This new company is rewriting the history of journalism. The basic idea of computer generated writing is simple. First, develop a huge database of information on a subject using data mining techniques. Sports and finance are natural areas of inquiry because any discussion of either subject requires a lot of numbers, people, comparisons and history. Once the database is built, then write an algorithm to go in and extract data and put it into intelligible narratives. Using baseball as an example, the algorithm is taught to understand that the most runs scored wins, that an inning is over after three outs and all of the other rules that run the game. Set loose on the huge database, the algorithm soon is able to figure out that batter X has only a 10 percent chance of getting a hit off of pitcher Y, based on the historical information in the database. The algorithm also learns the lingo of the game, so that when it generates a report it says things like Jones "smashed one" over the left field wall, or that a batter was "thrown out looking." And what's most shocking is that the algorithm and its pal the database can generate a story within seconds of the end of a game, with journalistic grace and incredible accuracy.
The world of finance, awash in facts and figures, is also fertile ground for automatic writing. A report, written for a business magazine, may read: "XYZ Corp.'s last quarter was a bitter disappointment, with revenues off of its previously stellar chart climbing stats, and profits are also in the tank. Investors will head for the exit door."
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How Automatic Writing Will Change Journalism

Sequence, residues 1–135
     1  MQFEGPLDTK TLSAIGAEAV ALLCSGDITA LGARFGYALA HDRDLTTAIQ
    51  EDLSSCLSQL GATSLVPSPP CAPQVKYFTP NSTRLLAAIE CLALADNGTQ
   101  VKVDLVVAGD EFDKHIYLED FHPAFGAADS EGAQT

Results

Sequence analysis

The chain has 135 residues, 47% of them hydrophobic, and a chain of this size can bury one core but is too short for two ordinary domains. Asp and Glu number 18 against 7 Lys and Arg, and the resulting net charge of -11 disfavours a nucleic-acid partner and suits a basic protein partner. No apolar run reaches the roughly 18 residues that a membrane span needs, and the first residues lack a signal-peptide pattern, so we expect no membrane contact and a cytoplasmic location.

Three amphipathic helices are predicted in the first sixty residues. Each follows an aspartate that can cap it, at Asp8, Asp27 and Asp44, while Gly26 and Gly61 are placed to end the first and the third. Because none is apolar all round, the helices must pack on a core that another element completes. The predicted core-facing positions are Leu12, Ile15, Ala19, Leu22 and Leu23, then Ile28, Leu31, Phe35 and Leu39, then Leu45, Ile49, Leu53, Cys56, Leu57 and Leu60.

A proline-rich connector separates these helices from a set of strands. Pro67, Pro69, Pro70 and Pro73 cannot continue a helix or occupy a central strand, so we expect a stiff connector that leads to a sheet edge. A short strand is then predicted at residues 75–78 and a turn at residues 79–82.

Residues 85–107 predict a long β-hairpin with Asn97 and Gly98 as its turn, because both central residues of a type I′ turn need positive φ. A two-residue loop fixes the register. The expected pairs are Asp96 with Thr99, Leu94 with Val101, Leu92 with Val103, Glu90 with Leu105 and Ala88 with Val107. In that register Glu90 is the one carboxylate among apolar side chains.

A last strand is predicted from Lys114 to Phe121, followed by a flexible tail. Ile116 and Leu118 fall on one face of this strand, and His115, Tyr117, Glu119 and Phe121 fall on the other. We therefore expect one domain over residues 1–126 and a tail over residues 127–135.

Technical writer Steven Levy, writing for Wired Magazine, has penned an excellent article on automatic writing and the future of journalism entitled: "Can an Algorithm Write a Better News Story Than a Human Reporter?" He discusses how the programmers are learning how to make the algorithm figure out things faster. Writing restaurant reviews, for example, requires that the algorithm look at the database of restaurant information and zero in on certain critical metrics like high review scores, good service, good food and a couple of customer reviews. Within hours, according to Levy, the database could crank out pithy little articles like “The Best Italian Restaurants in Atlanta” or “Great Sushi in Milwaukee.” Does this remind you of a HubPages article or a Textbroker assignment? Levy talks about a competitor of Narrative Science that began as a company known as Statsheet, which concentrated on reporting sports contests. As the excitement unfolded, the company founder changed its name to Automated Insights. Levy quotes Robbie Allen, the founder, about its previous thinking that the company would limit its mission to data-rich industries: "Now I think ultimately the sky is the limit." When interviewing Kris Hammond, the Chief Technology Officer of Narrative Science, Levy asked him what percentage of news articles would be written by computers in 15 years. Hammonds answer may send shivers into the spines of writers. Hammond said "More than 90 percent." Are the reports accurate? Levy talked to Lewis Dvorkin, Forbes Media chief products officer , and asked about the accuracy of the computer generated articles from Narrative Science. Although reporters are known to get things wrong, he did not find one instance of an error in any Narrative Science articles. Algorithms don't miss things. Jeopardy fans the world over looked with nervousness as an IBM computer named Watson (after IBM's founder) took on two previous Jeopardy champions in February 2011. Watson won hands down and sent the two champs packing. Artificial intelligence had hit prime time.